I live in a state with filial laws and my mother lives in Maryland. She is in good health currently, but she has made bad financial choices her entire life, has no savings, doesn't try to save, no retirement, doesn't have a stable job, and we have no relationship.
I'm terrified I will be responsible for her financial burdens one day.
While many states have filial laws -- as your current home does! -- they're rarely enforced, and typically designed for use by state governments as a way to replenish Medicaid coffers.
That means another point in your favor here is that any services your mother would use come from Maryland -- with no filial laws -- instead of your home state. Since your home state isn't footing her bill, it probably won't come after you for reimbursement.
Of course, as our generation becomes increasingly older and places more financial pressure on the state-funded retirement support programs, that lackadaisical attitude toward filial responsibility law enforcement could all change in coming years.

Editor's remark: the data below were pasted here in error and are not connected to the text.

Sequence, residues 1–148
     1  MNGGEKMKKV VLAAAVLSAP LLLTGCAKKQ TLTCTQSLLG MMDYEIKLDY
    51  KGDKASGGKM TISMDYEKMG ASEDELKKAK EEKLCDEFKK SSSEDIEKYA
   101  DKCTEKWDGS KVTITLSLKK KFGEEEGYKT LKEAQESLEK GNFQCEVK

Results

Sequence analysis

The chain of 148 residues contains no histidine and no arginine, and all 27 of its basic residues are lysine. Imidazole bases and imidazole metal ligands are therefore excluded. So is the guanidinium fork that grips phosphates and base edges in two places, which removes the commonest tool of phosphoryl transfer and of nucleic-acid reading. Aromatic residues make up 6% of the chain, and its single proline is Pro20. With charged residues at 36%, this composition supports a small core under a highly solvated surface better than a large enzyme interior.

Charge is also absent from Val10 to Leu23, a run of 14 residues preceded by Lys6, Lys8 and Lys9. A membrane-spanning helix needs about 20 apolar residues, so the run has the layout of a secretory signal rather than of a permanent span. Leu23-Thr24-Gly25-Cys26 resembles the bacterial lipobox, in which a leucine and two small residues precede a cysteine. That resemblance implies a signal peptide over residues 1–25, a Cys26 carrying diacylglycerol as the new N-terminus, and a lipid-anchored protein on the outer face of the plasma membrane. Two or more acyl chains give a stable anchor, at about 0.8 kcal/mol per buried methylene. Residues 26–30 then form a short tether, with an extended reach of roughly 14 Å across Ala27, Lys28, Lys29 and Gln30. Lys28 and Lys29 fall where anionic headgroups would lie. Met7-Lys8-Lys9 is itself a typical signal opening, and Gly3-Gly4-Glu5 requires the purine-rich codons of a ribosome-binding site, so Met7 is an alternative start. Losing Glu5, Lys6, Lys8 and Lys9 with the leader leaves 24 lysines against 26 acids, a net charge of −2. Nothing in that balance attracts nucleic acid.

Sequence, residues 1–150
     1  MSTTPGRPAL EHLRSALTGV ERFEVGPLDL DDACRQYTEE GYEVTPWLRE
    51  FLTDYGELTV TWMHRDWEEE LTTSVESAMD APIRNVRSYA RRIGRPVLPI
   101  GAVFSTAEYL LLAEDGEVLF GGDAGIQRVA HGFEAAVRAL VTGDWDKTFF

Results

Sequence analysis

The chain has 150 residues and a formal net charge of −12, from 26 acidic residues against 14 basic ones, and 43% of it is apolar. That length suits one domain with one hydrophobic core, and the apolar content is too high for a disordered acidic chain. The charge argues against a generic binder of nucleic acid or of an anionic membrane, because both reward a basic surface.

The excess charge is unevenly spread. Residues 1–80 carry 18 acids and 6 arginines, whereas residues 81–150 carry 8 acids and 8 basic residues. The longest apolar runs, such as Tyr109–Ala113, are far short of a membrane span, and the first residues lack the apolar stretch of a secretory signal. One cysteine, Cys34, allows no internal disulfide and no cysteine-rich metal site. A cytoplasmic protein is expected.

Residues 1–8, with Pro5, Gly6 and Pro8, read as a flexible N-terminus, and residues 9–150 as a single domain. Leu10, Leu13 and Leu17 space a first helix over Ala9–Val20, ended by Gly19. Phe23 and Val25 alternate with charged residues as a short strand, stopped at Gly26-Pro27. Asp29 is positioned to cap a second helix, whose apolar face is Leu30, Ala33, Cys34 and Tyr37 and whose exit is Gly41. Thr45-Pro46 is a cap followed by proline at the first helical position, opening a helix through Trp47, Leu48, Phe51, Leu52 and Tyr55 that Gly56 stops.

Of particular note is a 2012 Pennsylvania case, in which the state's Supreme Court upheld a matter between a private nursing home seeking to collect a large unpaid balance from the former resident's son. Uniquely, it was a private business -- not the government -- which sought and won compensation per the filial support laws.
However, it's been almost 10 years since the Pittas case without any substantial cases or enforcement actions concerning filial support laws.
Just keep an eye on this space for any possible legal developments, and talk to an estate lawyer to see what possible planning you can do in the meantime to prepare for the future.
Our general disclaimer: We're lawyers, but not necessarily your lawyer, and do not represent the individual who asked this question. We're providing this information for general educational purposes based on the publicly available information provided by the anonymous Internet user. Any number of details may change how this individual's attorney may pursue this legal situation, differently from how we suppose above. If you have a similar question, then you should consult with a lawyer about your specific situation to get a "real" response!